A wedding reception beneath a gorgeously decorated tent can provide the best of both worlds. You get the feel of an outdoor reception, yet you’re protected from the elements. And during the COVID pandemic, there's been renewed interest in outdoor tent weddings, since there are safety benefits to hosting your event outside. Of course, planning an outdoor tent wedding is a bit more complicated than simply pitching a tent atop a picturesque green space. A wedding in a tent comes with its own set of unique challenges. Before you say yes to a tented wedding, take these considerations under advisement.
The number one consideration before booking a wedding tent should be the weather. Of course, there’s no way to tell far in advance if it will rain on your wedding day, but you can take some other factors into consideration. Are you hosting a summer wedding in a location where it’s sure to be sweltering? Do you want to get married on a mountaintop where snow could be drifting outside your tent? These factors aren’t insurmountable, but it does mean you’ll need to factor extra accessories into your budget – like air-conditioning units or fans in the summer or propane heaters in the winter.
Investing in sidewalls for your tent to block out potential rain is also a must. “Tents can withstand a lot of weather. If done right, you won’t even know there is a storm outside,” says wedding planner Elle Ellinghaus of Elle Ellinghaus Designs in Baltimore, Maryland. “Literally, I had a tented wedding during Hurricane Joaquin in 2015. Outside was miserable, but we arranged for special precautions that week and inside the tent was lovely!”
A wedding tent is basically a blank canvas, which is wonderful for making your wedding vision come to life. But it also means nearly everything has to be rented a la carte—and pricing varies widely. From tent size to lighting to a dance floor to furniture rentals, a tent rental and its attendant accoutrements can add up quickly—and the more luxe you go, the higher the cost. Another added expense? The set-up. “Professional companies for tent and lighting installment are highly recommended,” says wedding planner Wendy Prindle of Life Styled Events in Austin, Texas. “They will be able to ensure proper set up so that wind, rain and power are taken into consideration and avoid big-day catastrophes.”
Type of Tent
When planning an outdoor tent wedding, you'll first need to choose the type of tent or tents you'll be utilizing. Note that there are different types of wedding tent structures, as well as different types of materials (for example, sailcloth). Some venues, like country clubs or gardens, might have a specific type of tent they use or a permanent tent on site, while at other venues, like a backyard, you can have your choice of tents. Working with a reputable tent rental company will ensure that you choose the perfect tent for your event's location, size, and style. Here are the most common types of wedding tent structures available for rental:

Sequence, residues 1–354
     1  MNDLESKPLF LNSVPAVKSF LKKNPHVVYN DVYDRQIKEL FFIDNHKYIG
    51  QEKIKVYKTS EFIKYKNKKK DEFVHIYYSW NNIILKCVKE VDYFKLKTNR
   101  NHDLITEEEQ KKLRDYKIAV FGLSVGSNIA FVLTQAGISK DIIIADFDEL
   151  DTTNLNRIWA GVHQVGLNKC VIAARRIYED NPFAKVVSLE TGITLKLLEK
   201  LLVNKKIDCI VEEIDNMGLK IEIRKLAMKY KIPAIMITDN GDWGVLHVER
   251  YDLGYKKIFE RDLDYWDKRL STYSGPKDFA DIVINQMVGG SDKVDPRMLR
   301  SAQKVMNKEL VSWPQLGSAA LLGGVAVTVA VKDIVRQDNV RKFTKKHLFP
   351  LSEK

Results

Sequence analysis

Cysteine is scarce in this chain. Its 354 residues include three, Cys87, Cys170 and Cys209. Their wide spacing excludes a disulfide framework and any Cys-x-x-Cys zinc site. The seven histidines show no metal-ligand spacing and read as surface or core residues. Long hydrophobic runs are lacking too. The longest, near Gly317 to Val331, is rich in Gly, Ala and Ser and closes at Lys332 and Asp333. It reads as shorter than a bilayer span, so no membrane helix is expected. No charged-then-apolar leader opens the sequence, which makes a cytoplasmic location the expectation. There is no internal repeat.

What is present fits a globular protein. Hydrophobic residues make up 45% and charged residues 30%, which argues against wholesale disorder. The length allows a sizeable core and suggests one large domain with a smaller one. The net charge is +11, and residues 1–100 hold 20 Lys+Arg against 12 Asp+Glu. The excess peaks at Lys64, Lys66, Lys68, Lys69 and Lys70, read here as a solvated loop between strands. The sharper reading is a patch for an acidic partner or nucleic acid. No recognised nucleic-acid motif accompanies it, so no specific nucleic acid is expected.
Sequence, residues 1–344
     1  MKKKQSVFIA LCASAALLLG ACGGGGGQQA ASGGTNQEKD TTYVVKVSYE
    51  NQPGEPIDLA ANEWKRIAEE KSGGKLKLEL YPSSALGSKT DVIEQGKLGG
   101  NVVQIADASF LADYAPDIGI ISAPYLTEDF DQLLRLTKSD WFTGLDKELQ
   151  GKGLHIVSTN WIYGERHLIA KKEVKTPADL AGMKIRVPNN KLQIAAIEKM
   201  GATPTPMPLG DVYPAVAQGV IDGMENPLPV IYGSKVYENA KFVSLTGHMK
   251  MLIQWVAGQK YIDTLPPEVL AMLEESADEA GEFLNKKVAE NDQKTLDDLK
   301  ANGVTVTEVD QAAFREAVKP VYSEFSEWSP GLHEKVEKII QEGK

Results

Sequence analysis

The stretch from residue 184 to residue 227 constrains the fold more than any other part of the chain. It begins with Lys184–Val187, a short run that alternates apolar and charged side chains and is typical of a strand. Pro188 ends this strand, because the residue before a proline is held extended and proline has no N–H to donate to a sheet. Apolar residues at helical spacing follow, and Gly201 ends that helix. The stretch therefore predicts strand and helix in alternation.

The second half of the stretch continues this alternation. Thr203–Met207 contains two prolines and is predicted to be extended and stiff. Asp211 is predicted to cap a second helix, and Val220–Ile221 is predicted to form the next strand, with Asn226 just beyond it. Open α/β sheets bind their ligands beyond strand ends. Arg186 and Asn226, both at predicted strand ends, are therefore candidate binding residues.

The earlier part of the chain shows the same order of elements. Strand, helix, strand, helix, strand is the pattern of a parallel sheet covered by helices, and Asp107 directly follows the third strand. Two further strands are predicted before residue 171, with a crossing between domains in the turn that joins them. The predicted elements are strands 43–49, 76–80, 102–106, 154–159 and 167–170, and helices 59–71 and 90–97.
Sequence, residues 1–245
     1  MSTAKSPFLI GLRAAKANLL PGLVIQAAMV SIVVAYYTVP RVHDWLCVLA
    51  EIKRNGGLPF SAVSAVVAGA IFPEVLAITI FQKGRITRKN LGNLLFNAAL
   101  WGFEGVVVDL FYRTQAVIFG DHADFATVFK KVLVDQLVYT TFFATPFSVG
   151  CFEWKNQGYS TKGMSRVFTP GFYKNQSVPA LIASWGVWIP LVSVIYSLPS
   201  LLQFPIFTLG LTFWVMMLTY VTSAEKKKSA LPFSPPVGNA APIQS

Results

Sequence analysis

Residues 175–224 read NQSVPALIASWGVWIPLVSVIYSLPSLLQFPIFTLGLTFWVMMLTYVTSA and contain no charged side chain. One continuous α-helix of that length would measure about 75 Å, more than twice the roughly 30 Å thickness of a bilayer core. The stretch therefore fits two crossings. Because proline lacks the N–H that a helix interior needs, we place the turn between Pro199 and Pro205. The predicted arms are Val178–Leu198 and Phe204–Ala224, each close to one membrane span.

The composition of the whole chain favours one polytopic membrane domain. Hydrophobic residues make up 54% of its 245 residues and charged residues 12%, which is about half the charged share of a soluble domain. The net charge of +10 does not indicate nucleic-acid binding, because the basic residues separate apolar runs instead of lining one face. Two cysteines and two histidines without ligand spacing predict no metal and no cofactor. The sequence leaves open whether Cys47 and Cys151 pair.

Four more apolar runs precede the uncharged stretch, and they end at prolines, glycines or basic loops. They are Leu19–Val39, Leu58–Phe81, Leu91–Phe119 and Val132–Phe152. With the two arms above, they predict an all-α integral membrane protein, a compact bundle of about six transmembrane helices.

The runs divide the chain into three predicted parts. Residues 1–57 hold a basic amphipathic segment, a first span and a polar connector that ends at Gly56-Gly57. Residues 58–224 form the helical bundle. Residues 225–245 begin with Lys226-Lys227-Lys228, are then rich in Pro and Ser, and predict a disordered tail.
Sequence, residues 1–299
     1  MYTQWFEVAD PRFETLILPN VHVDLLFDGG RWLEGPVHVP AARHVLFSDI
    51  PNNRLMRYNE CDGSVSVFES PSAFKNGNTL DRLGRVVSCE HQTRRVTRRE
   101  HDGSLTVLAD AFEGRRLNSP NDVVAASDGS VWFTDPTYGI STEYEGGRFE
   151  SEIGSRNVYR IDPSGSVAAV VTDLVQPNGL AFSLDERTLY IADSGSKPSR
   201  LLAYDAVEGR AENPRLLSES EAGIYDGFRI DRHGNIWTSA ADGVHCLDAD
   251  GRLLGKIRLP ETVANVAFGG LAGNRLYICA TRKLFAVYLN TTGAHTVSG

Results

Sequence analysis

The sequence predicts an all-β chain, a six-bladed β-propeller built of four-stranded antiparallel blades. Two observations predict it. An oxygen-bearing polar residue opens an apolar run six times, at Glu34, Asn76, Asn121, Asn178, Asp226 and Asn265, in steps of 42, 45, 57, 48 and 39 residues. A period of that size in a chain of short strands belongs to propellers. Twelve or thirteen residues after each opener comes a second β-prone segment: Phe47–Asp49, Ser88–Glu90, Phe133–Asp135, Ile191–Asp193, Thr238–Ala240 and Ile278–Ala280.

A frame tent is held up by a metal frame, and is among the most versatile of the structures for an outdoor tent wedding—meaning it can be set up on most types of ground, including harder surfaces like concrete or wood. Frame tents are popular because they are freestanding, with no poles to contend with when placing reception tables and other décor.
This wedding tent is held up by poles, which create a unique peaked effect on tent's ceiling. While you'll have to work around the poles to figure out your floor plan, you can also decorate the poles in unique ways (adding greenery, for example). This type of tent structure can only be set up on a softer surface, like grass.
This tent structure features the peaked ceiling of a pole tent without the use of center poles. The framework of this tent is similar to that of a frame tent, so it can be used on both hard and soft surfaces. Marquee tents are typically smaller than frame or pole tents, and are often used as walkways or cocktail hour spaces, though they can be combined to form a larger reception tent.
While a tent is supposed to mimic the feeling of an outdoor wedding, you’ll most likely want some of the conveniences of an indoor reception – namely, you’ll need electricity! Plan to include a generator in your budget for a tented reception. This allows you to reliably run a heating or cooling unit (depending on the season), light up the tent if your reception will extend into the evening and — if there’s no indoor kitchen nearby — set up an outdoor catering space (likely in a separate tent) so that your guests can dine on properly prepared food. If you're hosting a backyard wedding, you might need to invest in restroom trailers so your guests don't crowd your home's bathrooms.